Next stop, UPS, and all we need to do is drop off a box, onto which I had already printed out the return label.  Even with the unbuckling and rebuckling of two children factored in, this is a 3 minute job, tops.  I accidentally drove past the entrance and had to loop around (amateur move, I know), and as I drove up from the other side of the building, I saw a worker right at the counter by the door.  Oooo, if I can park in the open spot right by that door, I can hand him the box and not have to get the girls out.  So, I pull up and reverse into the parking spot, thinking added safety if they're closer to the building.  I grab the box, and for a second I reconsider not taking the girls with me - I've never actually left the kids in the car for even a few seconds, and definitely no farther than the distance to pump gas (well, other than running groceries into our house from the driveway before taking the kids in - safer buckled in than running rampant in the house alone, right? - or shoveling the driveway while they're warm in the car watching a movie).  But the guy is right by the door, so I can run the 5 yards, hand it off, and get right back to the car.  As I'm about to open my door, this giant white SUV storms into the parking spot right next to me.  I wait for this marshmallow-Patagonia-jacket-and-obnoxious-purple-Lulu-Lemon-wearing woman to slowly get her package out of her car, before I can jump out of my car and double-click my keychain to arm the alarm.  I speed walk around her on the other side of her car as she's getting something else out of the other side - the guy is still just inside the door, but he's starting up the ramp, so I rush toward the door, when I hear "Oh my God, are you leaving a baby in the car while you go inside?".  I'm stunned by this statement, but I say "No, I'm just handing off this package", still in my hurry-mode to get that package inside.  "Dropping off?" the man says as I open the door to the store, an odd look on his face.  "Thank You!" I tell him, as I spin around and rush back out the door, and starting to feel defensive and ashamed because this woman is still standing there spouting opinions and threats - how she should call the police, that I should not have a child because I'm an unfit mother, how dare I leave a baby in the car in this cold weather…  I don't even know what else she's saying because I'm already giving myself a guilt trip because I never leave the girls in the car and the one time I have taken what felt like an innocent (and still perfectly safe?) shortcut in three+ years, some high-and-mighty-elite-opinionated woman calls me on it.  I think I yelled something at her about "you try having twins and an older child and see how hard it is" and "the guy was right inside the door, I was eight feet from the car" and "who are you to pass judgment on me?"…  I was so pissed off when I finally got back in the car, and so stuck inside my own head, that I couldn't focus on anything else, couldn't think of anything else to talk to my girls about (luckily, they weren't looking for conversation - only about 90 seconds had actually passed since I'd gotten out of the car, and they were just happy to have Finding Nemo playing again on the dvd player).  My mind was filled with devastating thoughts, and I was riddled with guilt.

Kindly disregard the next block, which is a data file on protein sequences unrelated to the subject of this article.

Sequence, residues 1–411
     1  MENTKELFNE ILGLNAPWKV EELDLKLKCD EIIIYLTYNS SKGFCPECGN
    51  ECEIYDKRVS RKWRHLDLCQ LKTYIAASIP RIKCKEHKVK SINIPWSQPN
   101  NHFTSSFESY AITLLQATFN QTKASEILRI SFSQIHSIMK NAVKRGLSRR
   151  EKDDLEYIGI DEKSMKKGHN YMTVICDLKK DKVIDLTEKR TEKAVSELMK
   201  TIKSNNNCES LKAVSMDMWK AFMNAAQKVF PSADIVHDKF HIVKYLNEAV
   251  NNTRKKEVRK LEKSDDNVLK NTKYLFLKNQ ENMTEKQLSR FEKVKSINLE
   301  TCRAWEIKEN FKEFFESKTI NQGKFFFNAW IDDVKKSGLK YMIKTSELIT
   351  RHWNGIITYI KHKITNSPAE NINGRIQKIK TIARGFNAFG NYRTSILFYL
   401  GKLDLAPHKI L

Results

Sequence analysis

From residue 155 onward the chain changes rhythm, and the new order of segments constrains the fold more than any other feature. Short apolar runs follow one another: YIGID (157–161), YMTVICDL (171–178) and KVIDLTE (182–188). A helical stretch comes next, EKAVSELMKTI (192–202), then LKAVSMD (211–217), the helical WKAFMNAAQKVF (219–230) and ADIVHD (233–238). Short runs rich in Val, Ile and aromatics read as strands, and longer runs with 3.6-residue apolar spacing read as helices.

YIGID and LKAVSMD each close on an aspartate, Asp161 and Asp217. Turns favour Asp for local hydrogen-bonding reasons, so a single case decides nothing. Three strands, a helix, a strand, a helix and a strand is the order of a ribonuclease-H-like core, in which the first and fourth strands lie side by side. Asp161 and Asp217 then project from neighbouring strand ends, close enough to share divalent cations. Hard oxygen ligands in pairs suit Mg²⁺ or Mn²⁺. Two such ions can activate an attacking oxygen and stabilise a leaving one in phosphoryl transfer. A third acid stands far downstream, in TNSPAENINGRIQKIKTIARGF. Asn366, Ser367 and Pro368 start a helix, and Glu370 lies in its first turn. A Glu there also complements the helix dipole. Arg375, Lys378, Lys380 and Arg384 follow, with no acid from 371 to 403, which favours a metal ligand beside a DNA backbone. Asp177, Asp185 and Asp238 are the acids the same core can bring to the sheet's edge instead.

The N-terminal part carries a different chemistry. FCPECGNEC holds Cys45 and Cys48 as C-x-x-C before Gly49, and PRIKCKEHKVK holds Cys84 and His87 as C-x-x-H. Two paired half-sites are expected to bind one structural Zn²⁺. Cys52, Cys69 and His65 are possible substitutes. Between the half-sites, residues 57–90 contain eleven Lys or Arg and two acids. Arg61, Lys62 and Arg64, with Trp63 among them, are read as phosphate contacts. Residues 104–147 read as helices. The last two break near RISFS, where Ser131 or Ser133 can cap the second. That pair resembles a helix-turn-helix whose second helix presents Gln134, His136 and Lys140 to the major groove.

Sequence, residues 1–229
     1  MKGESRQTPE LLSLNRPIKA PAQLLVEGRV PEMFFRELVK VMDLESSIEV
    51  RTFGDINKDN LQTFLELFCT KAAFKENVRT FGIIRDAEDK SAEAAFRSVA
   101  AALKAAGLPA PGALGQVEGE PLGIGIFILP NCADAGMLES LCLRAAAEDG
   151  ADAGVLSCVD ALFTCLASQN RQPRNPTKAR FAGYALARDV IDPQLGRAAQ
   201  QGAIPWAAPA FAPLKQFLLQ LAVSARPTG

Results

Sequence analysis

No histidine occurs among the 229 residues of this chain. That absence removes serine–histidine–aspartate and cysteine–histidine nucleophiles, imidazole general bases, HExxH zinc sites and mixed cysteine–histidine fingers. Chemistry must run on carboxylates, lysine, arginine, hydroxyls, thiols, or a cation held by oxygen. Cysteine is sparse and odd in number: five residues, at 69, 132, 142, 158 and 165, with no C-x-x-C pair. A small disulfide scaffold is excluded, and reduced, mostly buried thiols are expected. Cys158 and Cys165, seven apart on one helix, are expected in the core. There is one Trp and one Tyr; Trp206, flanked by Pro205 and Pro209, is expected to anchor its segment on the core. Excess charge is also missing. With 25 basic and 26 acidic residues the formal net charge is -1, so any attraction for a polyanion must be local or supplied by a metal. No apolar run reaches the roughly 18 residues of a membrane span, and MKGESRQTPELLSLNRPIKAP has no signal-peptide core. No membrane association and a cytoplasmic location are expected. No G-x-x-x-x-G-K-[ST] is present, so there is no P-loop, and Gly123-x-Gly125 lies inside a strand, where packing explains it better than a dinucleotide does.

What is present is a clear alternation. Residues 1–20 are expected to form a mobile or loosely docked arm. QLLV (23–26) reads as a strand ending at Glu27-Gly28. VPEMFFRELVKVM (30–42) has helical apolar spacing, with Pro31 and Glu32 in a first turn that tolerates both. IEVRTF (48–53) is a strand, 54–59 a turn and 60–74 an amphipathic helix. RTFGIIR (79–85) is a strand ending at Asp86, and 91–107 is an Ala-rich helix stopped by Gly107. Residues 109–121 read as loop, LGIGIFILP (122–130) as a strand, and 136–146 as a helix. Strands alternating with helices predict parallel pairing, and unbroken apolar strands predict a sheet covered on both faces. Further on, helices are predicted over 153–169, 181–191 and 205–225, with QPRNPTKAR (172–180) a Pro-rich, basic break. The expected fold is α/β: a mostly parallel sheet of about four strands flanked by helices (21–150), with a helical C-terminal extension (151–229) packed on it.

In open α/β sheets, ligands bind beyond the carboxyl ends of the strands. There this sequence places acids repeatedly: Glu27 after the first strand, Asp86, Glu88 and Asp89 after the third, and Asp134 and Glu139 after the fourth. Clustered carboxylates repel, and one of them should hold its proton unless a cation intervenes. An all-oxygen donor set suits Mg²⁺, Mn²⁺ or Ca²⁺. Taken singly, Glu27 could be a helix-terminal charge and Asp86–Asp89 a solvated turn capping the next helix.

I drove up to the library, about 2 minutes away, and my mind was racing.  I parked in the lot while the movie played, just trying reign in my stomach, and collect my thoughts.  Was I in the wrong today?   Were the girls actually in danger being there in the car?  Was I really a bad mother, leaving my babies alone in the car?  Was this bitchy woman right in everything she was saying?  Could I actually be arrested for what I did (I heard helicopters overhead hours later back at home and the thought crossed my mind that they had come for me)?  Did that one instance take away all the good things I'd done as their mother?  Granted even if I hadn't been caught, I would probably have thought back on that decision (to leave my precious girls alone in the car more than a few feet away) throughout the day anyway and second-guessed myself.  The fact that this holier-than-thou woman had yelled at me such horrible things at me just compounded it.  But, as I sat in the car, I saw plenty of people parking at the curb and walking down a ramp about 15 feet away from their cars to use the outside book drop, many of them leaving kids in the car - wasn't that worse, more unsafe than the distance away from the car that I had been?  Couldn't that be construed as a shortcut, too, not taking the kids to the book drop with them?  Surely that woman had left her kids in the car to use the book drop?  Despite it being my first borns birthday, I found this terrible person was occupying my thoughts instead (and was she awful because of her accusations or because they could be true? I couldn't decide…)